Here are the competencies you will need in the junior block field experience and in student teaching. Also, we have looked at Praxis subject tests to ensure that these topics are covered here. Our hope is that the material here will help you to be a fantastic reading teacher and will get you through the Praxis subject tests safely the first time. There is a very good chance you have covered a lot of this material in other classes; if that is the case, there is no need to repeat that. Just focus on the areas where you feel you need more information and skills.
Subject
Specific Knowledge
Wiki Resource
Assessment
Ohio Standards
Knows the Common Core Standards
Knows how to look up specific grade-level standards
Teaching in Ohio
Portfolio
Reading
Understands literacy development in children and how to support it
Understands reading as a part of general language development (speaking, listening, reading, and writing)
Understands phonemic awareness
Understands the technicalities of the code (phonics)
Understands how to support vocabulary development
Understands how to support fluency in reading
Understands centrality of comprehension and how to support the development of comprehension
Understands that meaning making is a construction process
Understands that children who love to read, read best and knows how to support reading engagement.
Understands the importance of metacognition and knows how to develop it in students
Understands reading-writing connection and using writing as a response to reading
Reading
Literacy Development
Language Development
Phonemic Awareness
Vocabulary
Comprehension
Metacognition
Reading Writing Connection
Portfolio
Writing
Understands the development of writing in children and how to support it.
Understands writing as a part of general language development (speaking, listening, reading, and writing)
Understands invented spelling and how to incorporate it constructively in the classroom
Understands the writing process
Knows how to create writing invitations that engage children
Literacy Development
Language Development
Spelling
Writing Process
Writing and Teaching Writing
Motivation
Portfolio
Spelling
Understands why spelling in English is challenging
Has a general understanding of the role of etymology in English spelling and how that information can be used in the classroom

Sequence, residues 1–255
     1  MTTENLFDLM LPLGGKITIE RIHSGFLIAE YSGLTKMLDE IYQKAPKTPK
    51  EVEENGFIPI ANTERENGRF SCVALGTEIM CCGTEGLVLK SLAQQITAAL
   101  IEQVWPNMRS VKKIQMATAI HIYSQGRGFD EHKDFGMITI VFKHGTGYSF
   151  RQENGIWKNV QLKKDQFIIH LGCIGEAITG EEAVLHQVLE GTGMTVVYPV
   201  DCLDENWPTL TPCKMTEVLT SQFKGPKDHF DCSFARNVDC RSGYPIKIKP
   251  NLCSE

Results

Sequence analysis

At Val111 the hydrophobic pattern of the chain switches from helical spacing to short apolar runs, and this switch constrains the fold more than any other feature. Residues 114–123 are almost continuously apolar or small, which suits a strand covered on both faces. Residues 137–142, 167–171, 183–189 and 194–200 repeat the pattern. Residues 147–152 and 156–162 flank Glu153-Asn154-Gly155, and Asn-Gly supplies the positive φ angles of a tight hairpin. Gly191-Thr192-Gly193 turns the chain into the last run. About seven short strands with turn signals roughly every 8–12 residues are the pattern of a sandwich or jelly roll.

Has some strategies for teaching spelling
Spelling
Etymology
Portfolio
Grammar
Knows parts of speech
Knows agreement in sentence construction
Can identify an incorrect sentence
Can correct an incorrect sentence
Knows how to use comma, period, question mark, exclamation mark, and quote marks.
Grammar
Punctuation

Both of these pages list tutorials that can help you develop these skills.
Portfolio
Writing Process
Understands that the writing process is not linear
Knows how to support all stages of the writing process
Knows how to encourage writers
Knows how to help writers solve problems
Writing Process
Troubleshooting the Writing Process
Feedback for Students
Portfolio
Differentiating Instruction
Understands why instruction needs to be differentiated.
Knows how to organize texts of multiple reading levels on a single subject
Has and can use Reading Workshop resources
Addressing the Needs of All Students
Kids are not French Fries
Rethinking the Use of Text in the Classroom
Managing Multiple Reading Levels
Examples of multiple texts on one topic
Multiage or Multigrade level Classroom
Reading and Writing Workshop Resources
Portfolio
Assessment
Has a range of possible assessment procedures to use for both reading and writing
Assessment Without Tears
Portfolio
Problem-solving
Knows how to use assessment information and teaching strategies to help children solve literacy-related problems.
Troubleshooting the Reading Process
Troubleshooting the Writing Process
Portfolio
Lesson planning and unit planning